Old-Fashioned Roses. This category includes the varieties and species that were popular in colonial gardens. Although these roses are more fragrant, the flowers are not as perfectly shaped as those of newer varieties. All of these roses are hardy, require little care, and furnish an abundance of flowers in June. Thousands of old-fashioned roses are available, but many are not suited for the Alabama climate. Teas, noisettes, Bengals, Chinas, and some species roses are extremely well adapted to our heat and humidity.
Tree or Standard Roses. The characteristic of tree or standard roses is the form of the plant rather than the type of flower. These roses are derived from grafting bush roses on upright trunks. Many of the popular bush rose varieties are available as tree roses. Tree roses may be used in formal plantings, as accent or specimen plants, or as a specimen.
Miniature Roses. Miniature roses are small plants with miniature leaves and flowers. Some varieties reach a maximum height of only 6 inches. These roses are used in edging beds, as borders, in containers, and for rock gardens.
Rose varieties that produce long canes and require some kind of support to hold the plants off the ground are known as climbing roses. They may be trained on fences or trellises, while some varieties may be used without support to cover hillsides for erosion control. Since they are hardy, climbers are becoming more popular with the development of finer varieties.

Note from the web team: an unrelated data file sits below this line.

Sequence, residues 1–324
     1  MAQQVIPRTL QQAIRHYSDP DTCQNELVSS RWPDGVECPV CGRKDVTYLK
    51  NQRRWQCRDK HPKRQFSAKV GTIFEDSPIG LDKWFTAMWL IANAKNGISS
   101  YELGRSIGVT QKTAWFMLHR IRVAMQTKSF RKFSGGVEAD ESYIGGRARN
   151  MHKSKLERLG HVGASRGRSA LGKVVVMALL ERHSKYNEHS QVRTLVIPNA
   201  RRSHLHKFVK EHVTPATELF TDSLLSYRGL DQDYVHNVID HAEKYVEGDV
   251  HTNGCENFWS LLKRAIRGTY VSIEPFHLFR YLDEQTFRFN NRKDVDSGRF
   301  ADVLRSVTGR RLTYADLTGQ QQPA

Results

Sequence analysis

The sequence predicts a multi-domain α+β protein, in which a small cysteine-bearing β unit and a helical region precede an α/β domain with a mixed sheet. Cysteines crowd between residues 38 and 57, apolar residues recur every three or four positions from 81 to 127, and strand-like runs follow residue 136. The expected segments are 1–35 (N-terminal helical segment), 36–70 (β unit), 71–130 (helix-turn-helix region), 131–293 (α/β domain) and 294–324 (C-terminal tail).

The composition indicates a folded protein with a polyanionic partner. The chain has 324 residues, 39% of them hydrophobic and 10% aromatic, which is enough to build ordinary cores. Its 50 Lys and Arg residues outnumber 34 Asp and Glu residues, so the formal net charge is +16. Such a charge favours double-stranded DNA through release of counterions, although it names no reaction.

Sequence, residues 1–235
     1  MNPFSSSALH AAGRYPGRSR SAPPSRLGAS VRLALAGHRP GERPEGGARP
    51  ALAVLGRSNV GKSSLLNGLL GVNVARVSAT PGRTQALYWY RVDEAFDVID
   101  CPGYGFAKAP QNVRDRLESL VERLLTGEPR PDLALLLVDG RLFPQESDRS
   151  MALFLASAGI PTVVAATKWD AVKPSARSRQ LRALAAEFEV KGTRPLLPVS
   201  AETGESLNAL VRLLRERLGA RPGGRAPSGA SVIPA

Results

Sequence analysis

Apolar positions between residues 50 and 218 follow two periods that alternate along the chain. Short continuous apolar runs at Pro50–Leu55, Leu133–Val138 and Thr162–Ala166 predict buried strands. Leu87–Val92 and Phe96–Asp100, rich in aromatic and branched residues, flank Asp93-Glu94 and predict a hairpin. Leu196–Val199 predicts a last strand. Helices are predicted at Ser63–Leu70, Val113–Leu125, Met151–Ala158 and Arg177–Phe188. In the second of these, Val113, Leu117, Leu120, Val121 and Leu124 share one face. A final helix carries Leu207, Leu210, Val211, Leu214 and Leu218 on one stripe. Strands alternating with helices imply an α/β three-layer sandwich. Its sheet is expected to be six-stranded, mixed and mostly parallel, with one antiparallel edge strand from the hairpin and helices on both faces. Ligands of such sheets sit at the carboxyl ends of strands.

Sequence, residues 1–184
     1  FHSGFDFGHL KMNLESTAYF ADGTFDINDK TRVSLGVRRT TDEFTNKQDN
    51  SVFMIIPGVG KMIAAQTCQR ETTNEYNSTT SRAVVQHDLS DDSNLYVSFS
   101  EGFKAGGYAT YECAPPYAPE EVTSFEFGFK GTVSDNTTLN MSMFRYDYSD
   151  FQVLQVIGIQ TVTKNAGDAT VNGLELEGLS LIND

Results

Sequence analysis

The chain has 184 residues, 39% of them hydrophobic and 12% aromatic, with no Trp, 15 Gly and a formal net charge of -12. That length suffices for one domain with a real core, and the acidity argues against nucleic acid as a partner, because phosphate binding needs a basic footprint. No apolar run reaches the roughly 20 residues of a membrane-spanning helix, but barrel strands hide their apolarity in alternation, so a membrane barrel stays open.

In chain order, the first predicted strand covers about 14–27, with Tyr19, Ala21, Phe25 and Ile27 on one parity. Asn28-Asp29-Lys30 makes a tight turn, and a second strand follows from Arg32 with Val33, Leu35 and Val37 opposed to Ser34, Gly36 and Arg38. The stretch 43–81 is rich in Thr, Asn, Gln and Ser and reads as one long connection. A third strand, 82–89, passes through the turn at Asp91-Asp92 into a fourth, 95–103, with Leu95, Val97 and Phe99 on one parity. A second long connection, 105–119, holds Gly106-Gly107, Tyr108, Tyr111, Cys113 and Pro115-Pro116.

Ramblers. Rapid growing and very hardy, rambler roses may develop canes as long as 20 feet in one season. They are better suited for fences than other types of roses. The small flowers are usually less than 2 inches in diameter and are borne in dense clusters. Ramblers flower only once during a season on the previous year’s growth. The glossy foliage of many varieties in this group is susceptible to mildew. Newer varieties that bear larger flowers and are less susceptible to mildew are being developed.
Large-Flowered Climbers. When compared to ramblers, large-flowered climbers grow very slowly. Usually they are trained on trellises, posts, or some other type of support, and they may require heavy annual pruning to keep them manageable. Under ideal growing conditions, the flowers are rather large and may be useful for cutting. Most varieties bloom best when the canes are trained horizontally.
Everblooming Climbers. These roses usually produce an abundance of flowers in early summer. After heavy bloom, these plants will produce some scattered flowers in the fall. Some everblooming climbers are available that bloom continuously, like hybrid teas.
Climbing Hybrid Teas. Climbing hybrid teas were developed from seedlings and as chance sports of bush varieties. When a cane having a climbing character is produced from a hybrid tea, the new type of plant is usually given the bush variety name, for example: ‘Climbing Crimson Glory’. In general, the climbing forms of hybrid teas do not bloom as continuously as their bush parents. The flowers and foliage are usually identical.
Climbing Polyanthas and Floribundas. These roses were developed from sports and seedlings of polyanthas and floribundas. Generally the flowers of these sports are identical to the bush forms from which they originated. They are fairly continuous bloomers.
Some Suggested Varieties
- ‘Alabama’ (medium red)
- ‘Dainty Bess’ (light pink)